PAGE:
Judging from mainstream media and culture, transgender issues are gaining traction. Yet, for many Americans, everything they know about trans people they learned from Caitlyn Jenner. Or Laverne Cox of Orange is the New Black. Or the show Transparent.
Even with a Time magazine cover trumpeting “The Transgender Tipping Point” and Vice President Joe Biden calling transgender discrimination “the civil rights issue of our time,” there’s much more to understand about trans issues than popular culture or mainstream media teaches.
Luckily for Omahans, that’s where professor Jay Irwin comes in.
“Transgender is a large category including many different individual identities, but basically is someone who feels their sex assigned at birth is not descriptive of who they are in their gender,” he says.
Irwin, associate professor of sociology at University of Nebraska at Omaha, relocated from Alabama to Omaha in 2009. In addition to core sociology courses, Irwin teaches medical sociology and has helped with the intro of a LGBTQ study and sociology of sexualities courses.
Irwin deftly engages and educates students while also making time to enlighten the Omaha community with involvement in groups like the Midlands Sexual Health Research Collaborative (MSHRC), through which he and colleague Sofia Jawed-Wessel hosted The Science of Transgender, a 2015 UNMC-sponsored Science Café. Held in the wake of Caitlyn Jenner’s Vanity Fair cover, the talk covered preferred pronouns, the difference between sexual orientation and gender identity, and using up-to-date language, among other issues.
“Language is a huge piece of self-identity,” says Irwin, explaining that many trans folks become empowered to better understand their own identities upon accessing the appropriate words to self-describe.
“Some people are threatened by evolving language, as if it’s a scary thing,” says Irwin, “but I think it’s a really cool thing because language is powerful. Giving young people the space to figure out who they are in the words that feel best—that’s how we build healthy adults.
“Gender is a fluid thing that changes over time and between cultures,” he says, citing evolving American gender roles in just the last 60-some years as one example.
Irwin also notes that researchers increasingly understand sex as a social construct.
“We’ve made up what these boxes are. These don’t have to be the only boxes,” he says. “Biology is much more complicated than just female bodies and male bodies.”
Irwin says the current approach at UNO is “We need to respect everyone’s identities if we want them to do their best.”
That means using language that resonates and doesn’t distract, letting people self-define, and embracing the broad variety of identities represented on campus.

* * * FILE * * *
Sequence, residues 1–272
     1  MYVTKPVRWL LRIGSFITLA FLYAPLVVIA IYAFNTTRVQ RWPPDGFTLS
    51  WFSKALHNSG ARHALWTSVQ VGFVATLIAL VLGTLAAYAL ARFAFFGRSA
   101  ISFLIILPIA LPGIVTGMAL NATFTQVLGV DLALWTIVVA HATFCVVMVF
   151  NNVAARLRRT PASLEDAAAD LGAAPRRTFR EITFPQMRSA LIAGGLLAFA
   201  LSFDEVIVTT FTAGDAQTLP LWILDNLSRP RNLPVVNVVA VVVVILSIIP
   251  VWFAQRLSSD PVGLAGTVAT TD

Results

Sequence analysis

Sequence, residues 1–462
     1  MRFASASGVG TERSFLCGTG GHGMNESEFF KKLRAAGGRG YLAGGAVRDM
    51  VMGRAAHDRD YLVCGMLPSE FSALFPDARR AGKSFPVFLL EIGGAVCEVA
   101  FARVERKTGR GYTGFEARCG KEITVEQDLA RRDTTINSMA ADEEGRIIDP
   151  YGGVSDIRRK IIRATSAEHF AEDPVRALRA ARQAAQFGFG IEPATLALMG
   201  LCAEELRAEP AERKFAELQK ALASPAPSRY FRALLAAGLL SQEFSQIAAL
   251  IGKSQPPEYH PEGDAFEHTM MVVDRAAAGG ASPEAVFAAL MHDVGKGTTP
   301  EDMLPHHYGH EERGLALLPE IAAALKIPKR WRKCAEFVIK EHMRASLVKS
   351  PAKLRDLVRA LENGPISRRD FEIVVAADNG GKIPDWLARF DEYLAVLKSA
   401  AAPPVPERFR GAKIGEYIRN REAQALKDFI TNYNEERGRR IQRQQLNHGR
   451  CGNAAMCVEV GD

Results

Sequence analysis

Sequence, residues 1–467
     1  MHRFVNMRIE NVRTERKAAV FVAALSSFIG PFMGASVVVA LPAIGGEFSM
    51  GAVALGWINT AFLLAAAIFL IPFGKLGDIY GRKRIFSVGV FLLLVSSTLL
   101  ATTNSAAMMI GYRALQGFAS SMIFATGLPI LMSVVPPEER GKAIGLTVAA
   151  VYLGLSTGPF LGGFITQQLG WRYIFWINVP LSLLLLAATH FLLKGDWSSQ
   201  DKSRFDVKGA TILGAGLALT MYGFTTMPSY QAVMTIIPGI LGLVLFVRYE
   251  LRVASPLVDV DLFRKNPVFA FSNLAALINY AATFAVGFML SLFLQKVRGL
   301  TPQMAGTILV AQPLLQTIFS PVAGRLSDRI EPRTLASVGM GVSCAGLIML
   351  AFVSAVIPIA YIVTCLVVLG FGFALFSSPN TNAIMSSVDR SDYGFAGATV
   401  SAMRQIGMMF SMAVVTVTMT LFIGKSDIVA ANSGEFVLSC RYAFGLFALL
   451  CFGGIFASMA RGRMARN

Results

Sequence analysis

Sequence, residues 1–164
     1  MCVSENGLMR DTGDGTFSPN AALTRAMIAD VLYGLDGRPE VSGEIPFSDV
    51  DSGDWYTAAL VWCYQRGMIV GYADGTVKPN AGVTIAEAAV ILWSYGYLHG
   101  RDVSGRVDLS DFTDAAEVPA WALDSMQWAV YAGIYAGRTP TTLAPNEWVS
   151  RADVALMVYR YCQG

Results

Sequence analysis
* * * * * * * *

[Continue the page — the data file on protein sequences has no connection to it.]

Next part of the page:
“If we really want to do best by our students, faculty, and staff—and allow them to do their best work—then we need to reflect and welcome who they are as people,” says Irwin.
Taking that to a community-wide level, Irwin worked with the Professional Transgender Resource Network (PTRN) on GenderWorks, a sold-out 2015 conference striving for the “advancement of transgender care in the heartland,” which educated people from medical, mental health, education, and legal fields on what it means to be trans and how their profession can best serve that community.
Irwin’s academic career began like that of many a student: Undecided and looking for just the right groove of study to settle into.
“I changed my major seven times,” he says, adding that he considered areas including music, social work, and even post-Soviet Union Russian health, before gravitating toward his current field.
“I was increasingly interested in sexuality and gender, from both academic and personal perspectives,” says Irwin, who himself transitioned in his 20s.
While Irwin’s now very comfortable with his identity, he has previously feared discrimination like losing employment—a common, legitimate worry for many trans folks.
“My first year at UNO, I didn’t try to hide it, but I wasn’t upfront, which felt really inauthentic,” says Irwin. “I just gradually started talking about it more and more. UNO’s been great and my department has been 100 percent awesome and supportive.”
However, Irwin acknowledges that with issues of rampant transphobic violence and unemployment, not all trans people can be as open.
“I know people in Omaha who cannot be out at work because they will lose their job. There’s no one-size-fits-all approach, it’s about what’s safe and comfortable for each person,” he says.
Irwin adds that it’s important to build relationships with trans people before bombarding them with questions about their identity and experience. Even then, he says, it’s crucial to give the same respect you’d offer anyone and not ask questions invasively.
Irwin, for example, is not just a trans man. He’s a music-lover, foodie, Doctor Who enthusiast, friend, husband, father to four “fur babies,” and so much more.
While there’s always more to learn about trans issues, Irwin believes Omaha is doing pretty well.
“The typical person here is pretty open-minded and willing to listen,” he says.
What’s more, Irwin is very hopeful for the future.
“Our young people are out there advocating for themselves in a way that consistently impresses me,” he says. “With nuanced understanding of the world and recognition of intersectionality, they’re building an environment where they can fully develop and explore who they are.”